Assembling wall-to-wall maps from distribution models of vegetation types
Peter Horvath, Rune Halvorsen, Trond Simensen, and Anders Bryn are the authors of a new paper in GIScience and Remote Sensing. They compare three methods of assembling wall-to-wall maps using modelled distributions of individual vegetation types.
Material (left), assembly method (centre), and output (right) for making maps from individual models of vegetation types
Distribution modeling methods are used to provide occurrence probability surfaces for modeled targets. However, surfaces provided by distribution modeling need to be transformed into classified wall-to-wall maps of vegetation types to be useful for practical purposes, such as nature management and environmental planning. In the newly published paper (https://doi.org/10.1080/15481603.2021.1996313) the authors evaluated the performance of three methods for assembling predictions from individual distribution models into nation-wide, vegetation-cover maps.
From individual predictions to wall-to-wall vegetation cover
The authors used grid-cell based probability surfaces from distribution models of 31 vegetation types to test the three assembly methods. The first, a probability-based method, selected for each grid cell the vegetation type with the highest predicted probability of occurrence in that cell. The second, a performance-based method, assigned the vegetation types, ordered from high to low model performance, to a fraction of the grid cells given by the vegetation type’s prevalence in the study area. The third, a prevalence-based method, differed from the performance-based method by assigning vegetation types in the order from low to high prevalence. All methods were evaluated by use of reference data collected in the field.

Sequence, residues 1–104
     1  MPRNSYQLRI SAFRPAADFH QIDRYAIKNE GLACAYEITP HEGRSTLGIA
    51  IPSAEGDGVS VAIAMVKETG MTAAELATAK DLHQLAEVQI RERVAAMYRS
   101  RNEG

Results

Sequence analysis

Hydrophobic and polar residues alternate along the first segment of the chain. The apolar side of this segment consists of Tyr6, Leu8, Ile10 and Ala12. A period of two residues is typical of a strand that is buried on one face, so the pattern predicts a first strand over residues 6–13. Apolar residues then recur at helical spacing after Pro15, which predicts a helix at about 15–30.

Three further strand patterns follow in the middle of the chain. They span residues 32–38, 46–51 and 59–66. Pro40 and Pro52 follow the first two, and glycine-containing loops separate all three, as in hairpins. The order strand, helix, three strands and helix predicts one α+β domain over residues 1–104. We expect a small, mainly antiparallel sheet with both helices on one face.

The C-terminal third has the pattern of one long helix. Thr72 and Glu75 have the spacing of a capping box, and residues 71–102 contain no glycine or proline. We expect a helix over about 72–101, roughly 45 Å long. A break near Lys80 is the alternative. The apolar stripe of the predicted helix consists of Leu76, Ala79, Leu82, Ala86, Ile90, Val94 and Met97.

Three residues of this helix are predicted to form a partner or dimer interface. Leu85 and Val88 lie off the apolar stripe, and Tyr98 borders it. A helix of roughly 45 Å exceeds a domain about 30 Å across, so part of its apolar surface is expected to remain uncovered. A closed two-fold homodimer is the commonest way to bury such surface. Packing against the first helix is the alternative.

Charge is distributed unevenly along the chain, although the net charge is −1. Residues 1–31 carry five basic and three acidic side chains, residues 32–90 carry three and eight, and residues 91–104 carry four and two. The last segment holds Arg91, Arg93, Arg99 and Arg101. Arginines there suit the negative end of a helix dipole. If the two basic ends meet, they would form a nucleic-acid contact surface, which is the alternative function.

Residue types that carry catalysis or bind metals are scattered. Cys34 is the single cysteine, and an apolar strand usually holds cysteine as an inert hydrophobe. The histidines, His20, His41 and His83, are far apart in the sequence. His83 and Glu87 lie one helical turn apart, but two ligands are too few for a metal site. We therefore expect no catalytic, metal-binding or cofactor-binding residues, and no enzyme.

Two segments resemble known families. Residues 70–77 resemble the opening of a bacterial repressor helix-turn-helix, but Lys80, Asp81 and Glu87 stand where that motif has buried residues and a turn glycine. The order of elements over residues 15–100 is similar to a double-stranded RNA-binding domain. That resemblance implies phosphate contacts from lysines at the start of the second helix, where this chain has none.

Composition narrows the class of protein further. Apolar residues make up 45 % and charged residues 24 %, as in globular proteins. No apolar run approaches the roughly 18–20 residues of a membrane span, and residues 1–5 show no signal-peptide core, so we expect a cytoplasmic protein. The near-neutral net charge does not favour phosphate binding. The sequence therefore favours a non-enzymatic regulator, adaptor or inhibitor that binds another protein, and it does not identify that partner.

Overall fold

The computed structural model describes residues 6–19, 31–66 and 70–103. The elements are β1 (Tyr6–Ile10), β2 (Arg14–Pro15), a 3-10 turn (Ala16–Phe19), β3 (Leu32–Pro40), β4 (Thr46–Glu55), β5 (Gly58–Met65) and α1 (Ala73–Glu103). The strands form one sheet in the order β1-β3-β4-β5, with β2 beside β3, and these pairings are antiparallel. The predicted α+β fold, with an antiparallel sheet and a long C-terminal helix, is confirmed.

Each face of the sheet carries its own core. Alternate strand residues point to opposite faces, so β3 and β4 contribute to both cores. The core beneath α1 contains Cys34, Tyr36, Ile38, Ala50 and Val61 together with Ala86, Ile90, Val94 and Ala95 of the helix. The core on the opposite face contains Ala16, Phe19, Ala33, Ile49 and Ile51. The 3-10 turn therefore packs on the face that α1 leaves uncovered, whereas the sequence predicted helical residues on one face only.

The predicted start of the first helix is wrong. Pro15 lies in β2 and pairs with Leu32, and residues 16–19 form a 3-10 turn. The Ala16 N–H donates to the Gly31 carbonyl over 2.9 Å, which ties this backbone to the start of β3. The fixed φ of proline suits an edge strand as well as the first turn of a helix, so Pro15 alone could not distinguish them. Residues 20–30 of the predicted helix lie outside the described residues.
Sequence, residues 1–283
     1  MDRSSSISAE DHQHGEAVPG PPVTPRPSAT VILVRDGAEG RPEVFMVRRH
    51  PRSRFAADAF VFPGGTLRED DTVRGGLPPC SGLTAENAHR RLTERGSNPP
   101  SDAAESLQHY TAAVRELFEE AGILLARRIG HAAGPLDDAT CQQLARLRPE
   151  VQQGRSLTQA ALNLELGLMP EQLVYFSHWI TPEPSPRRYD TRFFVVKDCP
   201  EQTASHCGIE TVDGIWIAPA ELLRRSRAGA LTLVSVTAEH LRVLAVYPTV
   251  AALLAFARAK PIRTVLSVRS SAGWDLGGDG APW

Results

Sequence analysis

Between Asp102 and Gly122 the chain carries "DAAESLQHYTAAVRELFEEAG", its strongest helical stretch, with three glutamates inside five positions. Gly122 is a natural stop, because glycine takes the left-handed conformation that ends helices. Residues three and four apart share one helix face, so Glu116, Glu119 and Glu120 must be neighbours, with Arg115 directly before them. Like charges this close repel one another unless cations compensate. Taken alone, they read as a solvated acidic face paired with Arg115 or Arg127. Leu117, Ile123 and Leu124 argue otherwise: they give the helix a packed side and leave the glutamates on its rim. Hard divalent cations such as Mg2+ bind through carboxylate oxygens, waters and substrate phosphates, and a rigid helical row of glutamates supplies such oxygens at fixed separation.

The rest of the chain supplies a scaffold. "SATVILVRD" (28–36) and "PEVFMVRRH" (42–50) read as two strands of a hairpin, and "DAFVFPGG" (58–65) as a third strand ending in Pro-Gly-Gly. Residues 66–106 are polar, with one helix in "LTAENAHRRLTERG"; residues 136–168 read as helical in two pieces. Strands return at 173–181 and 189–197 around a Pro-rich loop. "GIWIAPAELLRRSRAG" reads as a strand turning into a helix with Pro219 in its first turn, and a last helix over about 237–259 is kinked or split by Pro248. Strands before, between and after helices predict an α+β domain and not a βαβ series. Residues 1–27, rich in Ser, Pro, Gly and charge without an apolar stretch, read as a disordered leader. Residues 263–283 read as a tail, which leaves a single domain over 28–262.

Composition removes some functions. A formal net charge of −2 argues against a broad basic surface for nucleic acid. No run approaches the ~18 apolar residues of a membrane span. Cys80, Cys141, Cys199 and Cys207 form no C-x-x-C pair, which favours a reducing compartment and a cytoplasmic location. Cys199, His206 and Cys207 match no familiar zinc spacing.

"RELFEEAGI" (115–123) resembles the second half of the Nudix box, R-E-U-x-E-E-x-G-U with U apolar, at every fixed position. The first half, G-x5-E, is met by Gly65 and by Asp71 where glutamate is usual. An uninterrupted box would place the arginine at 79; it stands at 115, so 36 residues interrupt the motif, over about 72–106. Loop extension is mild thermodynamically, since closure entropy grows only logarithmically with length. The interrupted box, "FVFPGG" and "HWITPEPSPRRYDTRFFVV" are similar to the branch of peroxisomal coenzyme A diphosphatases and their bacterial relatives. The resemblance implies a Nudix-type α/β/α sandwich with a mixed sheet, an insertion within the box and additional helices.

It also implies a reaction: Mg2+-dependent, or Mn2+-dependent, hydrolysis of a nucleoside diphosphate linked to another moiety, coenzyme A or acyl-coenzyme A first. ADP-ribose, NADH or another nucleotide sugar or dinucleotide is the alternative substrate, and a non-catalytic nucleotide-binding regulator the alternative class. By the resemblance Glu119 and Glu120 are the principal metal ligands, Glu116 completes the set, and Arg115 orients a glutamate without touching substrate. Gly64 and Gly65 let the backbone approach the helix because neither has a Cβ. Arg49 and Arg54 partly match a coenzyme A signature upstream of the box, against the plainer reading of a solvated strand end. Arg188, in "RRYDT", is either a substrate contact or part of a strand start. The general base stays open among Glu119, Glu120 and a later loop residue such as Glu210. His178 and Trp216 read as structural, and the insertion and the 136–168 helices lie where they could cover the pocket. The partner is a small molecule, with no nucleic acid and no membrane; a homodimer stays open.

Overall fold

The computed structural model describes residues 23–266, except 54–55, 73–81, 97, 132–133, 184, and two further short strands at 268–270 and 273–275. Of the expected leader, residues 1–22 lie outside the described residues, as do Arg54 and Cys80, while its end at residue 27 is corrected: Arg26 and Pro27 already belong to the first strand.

The probability-based method had the lowest total disagreement with, and proportional dissimilarity from, the reference datasets, but the differences between the three methods were small. The three assembly methods differed strongly with respect to the distribution of the total disagreement on its quantity and allocation components: the cell-by-cell assignment method strongly favored allocation disagreement and the type-by-type methods strongly favored quantity disagreement. The probability-based method best reproduced the general pattern of variation across the study area, but at the cost of many rare vegetation types, which were left out of the assembled map. By contrast, the prevalence-based and performance-based methods represented vegetation types in accordance with nationwide area statistics.
The results show that maps of vegetation types with wall-to-wall coverage can be assembled from individual distribution models with a quality acceptable for indicative purposes, but all the three tested methods currently also have shortcomings. The results also indicate specific points in the methodology for map assembly that may be improved.
The full article “A comparison of three ways to assemble wall-to-wall maps from distribution models of vegetation types” is published open-access here: https://www.tandfonline.com/doi/full/10.1080/15481603.2021.1996313